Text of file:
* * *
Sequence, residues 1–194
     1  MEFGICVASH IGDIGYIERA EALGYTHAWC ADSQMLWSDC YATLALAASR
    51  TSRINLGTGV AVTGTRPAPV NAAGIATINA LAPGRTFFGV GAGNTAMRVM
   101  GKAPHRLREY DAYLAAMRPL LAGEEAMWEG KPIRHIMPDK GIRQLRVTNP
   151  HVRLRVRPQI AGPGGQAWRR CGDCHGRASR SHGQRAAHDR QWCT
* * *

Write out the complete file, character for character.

Sequence, residues 1–194
     1  MEFGICVASH IGDIGYIERA EALGYTHAWC ADSQMLWSDC YATLALAASR
    51  TSRINLGTGV AVTGTRPAPV NAAGIATINA LAPGRTFFGV GAGNTAMRVM
   101  GKAPHRLREY DAYLAAMRPL LAGEEAMWEG KPIRHIMPDK GIRQLRVTNP
   151  HVRLRVRPQI AGPGGQAWRR CGDCHGRASR SHGQRAAHDR QWCT